Title: Humilitas: A Lost Key to Life, Love, and Leadership
Author: John Dickson
I’ve had this book in my “to-read” stack for some time now. Honestly, the subtitle put me off. It smacks of a self-helpish kind of advice that is written to help some people get clear on some things that they already know they should be doing anyway.
Now that I’ve taken the time to actually read it, I’m pleased to report that I was pleasantly surprised by what was between the covers.
For starters, this is not a self-help book. It’s a serious plea for all of us to become people who practice humility. What separates this book from a book like Humility by C.J. Mahaney, is that Mahaney is a pastor, while Dickson is a professor. In fact, Dickson is the Senior Research Fellow of the Department of Ancient History at Macquarie University in Sydney, Australia.
This book travels down Dickson’s specialty – the ancient roads of history – in order to show how humility evolved from a vice to virtue. But he doesn’t leave it in the past. He brings it forward into the present with some helpful tips on how we can become people who are more humble than we are today.
In Humilitas (the Latin word for humility), Dickson’s thesis is straightforward: “The most influential and inspiring people are often marked by humility” (p. 19).
How does he define humility?
He says, “Humility is the noble choice to forgo your status, deploy your resources or use your influence for the good of others before yourself” (p. 24).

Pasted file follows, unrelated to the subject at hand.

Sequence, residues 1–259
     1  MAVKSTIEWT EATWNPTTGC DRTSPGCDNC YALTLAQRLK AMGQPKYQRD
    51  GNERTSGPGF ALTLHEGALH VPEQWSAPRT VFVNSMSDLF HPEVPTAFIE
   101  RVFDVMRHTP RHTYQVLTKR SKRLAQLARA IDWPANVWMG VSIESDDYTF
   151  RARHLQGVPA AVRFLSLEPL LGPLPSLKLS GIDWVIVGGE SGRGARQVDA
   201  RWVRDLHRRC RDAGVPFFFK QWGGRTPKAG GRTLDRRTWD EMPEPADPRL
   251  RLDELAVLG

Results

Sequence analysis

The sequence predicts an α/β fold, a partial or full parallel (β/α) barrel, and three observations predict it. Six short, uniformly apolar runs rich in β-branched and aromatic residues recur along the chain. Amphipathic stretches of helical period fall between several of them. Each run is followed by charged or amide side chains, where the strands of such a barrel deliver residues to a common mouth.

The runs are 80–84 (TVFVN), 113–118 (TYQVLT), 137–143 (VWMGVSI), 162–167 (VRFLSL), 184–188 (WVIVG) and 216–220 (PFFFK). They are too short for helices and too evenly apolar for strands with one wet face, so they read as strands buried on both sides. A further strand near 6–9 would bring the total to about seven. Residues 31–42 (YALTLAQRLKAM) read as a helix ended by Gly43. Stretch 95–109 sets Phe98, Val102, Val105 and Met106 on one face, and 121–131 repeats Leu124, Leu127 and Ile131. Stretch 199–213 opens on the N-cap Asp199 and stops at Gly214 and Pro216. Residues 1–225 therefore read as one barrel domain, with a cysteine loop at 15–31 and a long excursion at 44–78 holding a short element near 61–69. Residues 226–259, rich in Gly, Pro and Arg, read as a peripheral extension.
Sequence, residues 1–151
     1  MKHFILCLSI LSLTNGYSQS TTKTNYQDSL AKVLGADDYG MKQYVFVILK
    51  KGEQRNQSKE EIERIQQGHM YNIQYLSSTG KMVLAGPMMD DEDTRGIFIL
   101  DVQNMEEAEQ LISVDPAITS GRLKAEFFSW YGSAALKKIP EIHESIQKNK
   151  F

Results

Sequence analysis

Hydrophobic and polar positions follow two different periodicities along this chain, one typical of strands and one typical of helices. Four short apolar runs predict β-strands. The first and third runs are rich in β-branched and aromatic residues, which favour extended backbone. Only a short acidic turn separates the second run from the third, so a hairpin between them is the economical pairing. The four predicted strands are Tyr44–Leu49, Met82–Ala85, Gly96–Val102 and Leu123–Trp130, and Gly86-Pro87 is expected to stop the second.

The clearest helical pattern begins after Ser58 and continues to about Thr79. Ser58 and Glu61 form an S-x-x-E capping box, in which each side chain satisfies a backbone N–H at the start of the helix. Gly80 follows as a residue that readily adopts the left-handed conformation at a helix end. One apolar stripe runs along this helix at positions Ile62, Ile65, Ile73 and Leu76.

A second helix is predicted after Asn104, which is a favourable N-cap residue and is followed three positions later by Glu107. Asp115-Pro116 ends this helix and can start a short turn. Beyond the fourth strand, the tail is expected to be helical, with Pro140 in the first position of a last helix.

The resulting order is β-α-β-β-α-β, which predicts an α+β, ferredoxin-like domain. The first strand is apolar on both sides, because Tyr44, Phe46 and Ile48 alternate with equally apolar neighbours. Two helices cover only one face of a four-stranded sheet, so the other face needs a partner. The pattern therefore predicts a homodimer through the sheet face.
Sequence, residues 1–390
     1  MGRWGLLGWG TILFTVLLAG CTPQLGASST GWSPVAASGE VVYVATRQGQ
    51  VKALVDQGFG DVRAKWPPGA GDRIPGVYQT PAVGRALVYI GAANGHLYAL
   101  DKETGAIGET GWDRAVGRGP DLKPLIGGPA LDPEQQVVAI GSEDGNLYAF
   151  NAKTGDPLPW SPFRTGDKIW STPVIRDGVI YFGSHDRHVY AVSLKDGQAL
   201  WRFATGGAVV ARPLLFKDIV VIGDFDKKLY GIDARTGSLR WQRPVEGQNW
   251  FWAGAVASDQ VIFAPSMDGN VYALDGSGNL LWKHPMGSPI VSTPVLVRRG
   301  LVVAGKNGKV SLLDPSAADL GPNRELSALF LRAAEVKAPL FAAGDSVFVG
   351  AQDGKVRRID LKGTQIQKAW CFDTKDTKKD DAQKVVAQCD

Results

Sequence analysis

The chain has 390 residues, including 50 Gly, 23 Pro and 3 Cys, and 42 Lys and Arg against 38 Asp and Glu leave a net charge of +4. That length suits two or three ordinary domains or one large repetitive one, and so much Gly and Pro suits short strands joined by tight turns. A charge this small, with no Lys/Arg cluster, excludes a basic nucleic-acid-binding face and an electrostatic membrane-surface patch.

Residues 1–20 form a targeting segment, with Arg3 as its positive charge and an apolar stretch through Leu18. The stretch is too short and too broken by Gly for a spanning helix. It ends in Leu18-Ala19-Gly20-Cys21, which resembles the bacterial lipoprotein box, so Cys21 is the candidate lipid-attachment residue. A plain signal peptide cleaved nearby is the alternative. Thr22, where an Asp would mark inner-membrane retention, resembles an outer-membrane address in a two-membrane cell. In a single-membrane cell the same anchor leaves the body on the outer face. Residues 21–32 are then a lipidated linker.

The language of influence and inspiration calls to mind the topic of leadership, and that’s exactly where he makes his first move. And frankly, it’s a good move. He spends 16 pages on the topic of leadership and humility’s role in it (pages 31-47).
Even though he’s outside of his specialty, those 16 pages are excellent. His analysis of leadership “tools” – ability (p. 37), authority (p. 38), persuasion (p. 39), and example (p. 40) – are spot-on.
He ties the section together by saying, “I consider persuasion and example (in combination) to be the heart of leadership” (p. 43).
The middle chapters trace the growth and qualities of humility, with the most important observation being that,
“For [the early Christians] the crucifixion was not evidence of Jesus’ humiliation (humilitas) but proof that greatness can express itself in humility, the noble choice to lower yourself for the sake of others” (p. 107).
My favorite chapter in the book is titled, “Harmony: Why Humility Is Better Than Tolerance.” After lamenting about the race to the bottom, where all convictions are set aside and relativism (the idea that all views are equally valid) reigns supreme, Dickson concludes, “We maintain our convictions but choose never to allow them to become justification for thinking ourselves better than those with contrary convictions” (p. 170).
That’s a much better approach than a vague, wishy-washy version of tolerance.
He concludes with six practical suggestions for becoming a more humble person. They are:
1. Admire humility (p. 174).
2. Reflect on the lives of humble people (p. 175).
3. Plan ahead to act in humble ways (p. 177).
4. Act humbly – go for it! (p. 178).
5. Invite critique and criticism (p. 180).
6. Accept the good, forget the bad (p. 182).
Overall, I thought this was an excellent book. It’s well-written, extremely educational, and very convincing. In tracing the history of humility, John Dickson ably convinces readers that humilitas is better than hubris.
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